James King of William
San Francisco Bulletin

James King was born of Scottish-Irish parentage on Jan. 28, 1822, in Georgetown, Md. He early ascribed to himself the morals and diligence of the New Englander.

To avoid misidentification with others similarly named, the youthful James King added the patronymic “of William,” thus revealing certain traits that were dominant in his character, an aggressive ego, a certain exhibitionism, a desire to stand apart from and above the crowd.

King’s early years passed in a prosaic fashion, and in 1841 at the age of 19 he started as a bank clerk. For seven years, he toiled diligently to learn the skills of the financier.

Early in 1848, his health failed and King was lured to both a warmer climate and richer economic opportunity in Oregon by letters from his brother. While en route to the Pacific Northwest, news of discovery of gold reached him. On Nov. 10, 1848, the future editor debarked at San Francisco and moved on to the Sierra gold camps.

The gold diggings were for the most hardy, and as a result many failed. The weak either perished or crawled back to San Francisco for a handout. The wise became merchants and money lenders. King became a banker.

In 1849 King opened a banking house in San Francisco and for five years he prospered. In 1854, King’s agent in Sonoma, instead of buying gold dust, invested a large sum of his employer’s cash in a worthless venture. King was ruined and had to sell out. The penniless, humbled King accepted a managerial post with the bank he once owned, but in 1855 it also failed. King attempted a comeback by establishing once again his own bank. But the new venture was too feeble.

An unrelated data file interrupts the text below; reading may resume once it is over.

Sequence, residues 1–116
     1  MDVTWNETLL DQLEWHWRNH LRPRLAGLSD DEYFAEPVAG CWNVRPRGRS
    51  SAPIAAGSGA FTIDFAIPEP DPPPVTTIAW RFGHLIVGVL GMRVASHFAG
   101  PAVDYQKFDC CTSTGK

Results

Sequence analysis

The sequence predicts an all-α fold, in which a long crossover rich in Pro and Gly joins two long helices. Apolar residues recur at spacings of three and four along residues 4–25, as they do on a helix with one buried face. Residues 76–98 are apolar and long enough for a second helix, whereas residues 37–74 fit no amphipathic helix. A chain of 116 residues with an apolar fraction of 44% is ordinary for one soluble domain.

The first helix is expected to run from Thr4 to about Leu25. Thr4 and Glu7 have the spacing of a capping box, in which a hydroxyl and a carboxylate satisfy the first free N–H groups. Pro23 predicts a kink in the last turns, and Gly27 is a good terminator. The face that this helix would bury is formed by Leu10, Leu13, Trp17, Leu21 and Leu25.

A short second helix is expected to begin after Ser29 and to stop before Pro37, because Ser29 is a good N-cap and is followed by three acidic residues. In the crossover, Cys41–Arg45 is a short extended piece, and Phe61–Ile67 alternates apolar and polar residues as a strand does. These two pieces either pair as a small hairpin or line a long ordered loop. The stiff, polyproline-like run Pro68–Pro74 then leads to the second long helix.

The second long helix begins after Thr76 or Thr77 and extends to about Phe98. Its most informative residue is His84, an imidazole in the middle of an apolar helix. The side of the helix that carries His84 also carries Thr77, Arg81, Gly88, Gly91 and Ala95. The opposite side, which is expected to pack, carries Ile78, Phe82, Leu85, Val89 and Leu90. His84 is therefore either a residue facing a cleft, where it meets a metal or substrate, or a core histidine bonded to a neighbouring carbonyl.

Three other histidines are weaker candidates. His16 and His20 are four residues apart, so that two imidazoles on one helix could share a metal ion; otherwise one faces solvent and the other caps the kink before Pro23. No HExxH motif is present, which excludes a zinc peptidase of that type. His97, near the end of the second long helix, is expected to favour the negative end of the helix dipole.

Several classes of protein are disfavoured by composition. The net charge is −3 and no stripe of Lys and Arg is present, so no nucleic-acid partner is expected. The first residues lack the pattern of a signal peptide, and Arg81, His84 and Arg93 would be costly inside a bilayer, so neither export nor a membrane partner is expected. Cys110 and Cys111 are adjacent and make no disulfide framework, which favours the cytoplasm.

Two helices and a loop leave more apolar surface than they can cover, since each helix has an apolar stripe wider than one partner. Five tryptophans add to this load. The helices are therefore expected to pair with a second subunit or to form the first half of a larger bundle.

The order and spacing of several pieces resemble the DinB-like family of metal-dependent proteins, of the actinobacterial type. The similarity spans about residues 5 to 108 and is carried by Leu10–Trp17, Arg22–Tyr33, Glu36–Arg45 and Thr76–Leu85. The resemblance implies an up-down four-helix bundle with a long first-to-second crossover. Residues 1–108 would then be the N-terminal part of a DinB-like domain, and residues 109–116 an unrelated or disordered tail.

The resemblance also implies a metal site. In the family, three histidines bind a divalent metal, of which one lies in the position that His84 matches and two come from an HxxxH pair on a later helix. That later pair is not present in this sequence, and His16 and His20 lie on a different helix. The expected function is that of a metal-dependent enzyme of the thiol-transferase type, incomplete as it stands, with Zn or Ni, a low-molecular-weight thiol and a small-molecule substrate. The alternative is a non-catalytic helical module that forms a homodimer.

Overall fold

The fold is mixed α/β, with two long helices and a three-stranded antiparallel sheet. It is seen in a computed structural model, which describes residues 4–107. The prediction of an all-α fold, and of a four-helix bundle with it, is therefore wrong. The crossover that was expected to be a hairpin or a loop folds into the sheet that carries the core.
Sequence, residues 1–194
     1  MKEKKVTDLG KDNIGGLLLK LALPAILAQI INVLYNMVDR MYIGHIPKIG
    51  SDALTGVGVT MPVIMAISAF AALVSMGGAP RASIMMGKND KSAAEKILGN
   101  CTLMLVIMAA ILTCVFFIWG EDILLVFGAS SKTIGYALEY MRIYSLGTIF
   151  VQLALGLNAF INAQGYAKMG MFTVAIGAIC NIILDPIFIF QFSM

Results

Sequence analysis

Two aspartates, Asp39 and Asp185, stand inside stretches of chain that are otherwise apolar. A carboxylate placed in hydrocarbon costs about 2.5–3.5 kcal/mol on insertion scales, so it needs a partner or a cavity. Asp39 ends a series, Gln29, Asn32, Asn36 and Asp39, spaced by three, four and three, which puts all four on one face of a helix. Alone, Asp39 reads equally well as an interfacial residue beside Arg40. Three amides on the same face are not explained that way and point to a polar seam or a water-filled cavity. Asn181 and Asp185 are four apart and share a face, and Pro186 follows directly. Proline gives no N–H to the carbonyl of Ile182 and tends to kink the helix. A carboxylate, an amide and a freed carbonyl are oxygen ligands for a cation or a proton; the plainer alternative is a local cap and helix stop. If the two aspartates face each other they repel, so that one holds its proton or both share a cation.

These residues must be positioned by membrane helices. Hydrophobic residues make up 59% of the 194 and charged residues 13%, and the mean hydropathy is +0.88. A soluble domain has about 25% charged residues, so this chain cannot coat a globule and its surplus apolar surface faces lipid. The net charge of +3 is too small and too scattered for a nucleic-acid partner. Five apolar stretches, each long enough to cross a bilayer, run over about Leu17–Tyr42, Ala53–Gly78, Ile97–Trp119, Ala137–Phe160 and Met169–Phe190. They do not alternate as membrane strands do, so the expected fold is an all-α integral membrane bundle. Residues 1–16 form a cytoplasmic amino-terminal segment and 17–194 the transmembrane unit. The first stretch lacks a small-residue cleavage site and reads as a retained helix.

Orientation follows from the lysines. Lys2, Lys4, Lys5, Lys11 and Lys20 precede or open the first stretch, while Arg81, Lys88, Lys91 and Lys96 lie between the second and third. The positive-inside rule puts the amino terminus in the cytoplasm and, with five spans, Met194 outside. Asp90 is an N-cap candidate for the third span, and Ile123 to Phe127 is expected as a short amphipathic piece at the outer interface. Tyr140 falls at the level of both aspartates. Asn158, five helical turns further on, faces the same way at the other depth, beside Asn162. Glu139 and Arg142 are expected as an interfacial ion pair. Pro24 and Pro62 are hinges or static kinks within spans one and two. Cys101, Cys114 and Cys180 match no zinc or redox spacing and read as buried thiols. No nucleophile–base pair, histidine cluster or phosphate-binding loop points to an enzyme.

King, suffering the charity of his brother, Thomas, was now a desperately angry man ready to flail out at adversity and at those men he thought responsible for his ruin. He chose journalism as his weapon.

On Oct. 8, 1855, James King issued the first copy of the Daily Evening Bulletin.

On the first day, King announced his editorial independence. The next, he proclaimed he would not be silenced. On the third, he warned that the “silent monitor” of moral obligation was pressing him onward. On Oct. 11, the fourth day, King exposed the corrupt relationship between bankers and fraudulent politicians.

Within a week, King had fired salvos at every corner of San Francisco society, laying down a barrage of names and facts. Public and private figures both felt the sting of his vigorous pen. No one was exempt, not even the clergy. Soon The Bulletin became the city’s leading newspaper, and King gained the promontory “above the crowd.” San Franciscans found a leader in a time of desperate civic need.

When the law-abiding citizen awoke, it was almost too late. The older press had lost its virility.

Then King thundered out, crystallizing public wrath. King called for the justice of the Old Testament. He acted like a man having nothing to lose.

For seven months, The Bulletin trumpeted doom for the evil and the wicked. Then, in early May 1856, the final storm burst with a sudden fury little expected.

King became entangled in a new quarrel with the illiterate editor of The Sunday Times, the ubiquitous James Casey. In The Bulletin, on May 14, 1856, King reported in an editorial that Casey had served a term in Sing Sing Prison for grand larceny.

It was the last editorial that King wrote. While going home from work that evening, King was shot by Casey. The wounded editor clung to his life for six days while, outside the sick room, an aroused San Francisco mob, chanting for revenge, evoked the scourge of the Vigilante Committee.

On May 20, King died. The next day, as church bells sadly tolled the funeral dirge, the fire bell angrily clanged the dread call for the assembly of the Vigilantes. And as the remains of James King of William were laid to rest on Lone Mountain, the Vigilantes hung James Casey for the crime of murder.

San Francisco had lost a powerful voice that spoke with the indignation of a prophet against the sins that plagued the young, lusty city by the Golden Gate.

Hall of Fame inductees are selected annually by a committee appointed by the California Press Foundation. They recognize career achievements of weekly and daily publishers in California who were important and influential in their era, as judged by their peers in the association. The write-ups are a historical and journalistic snapshot in time and not official biographies.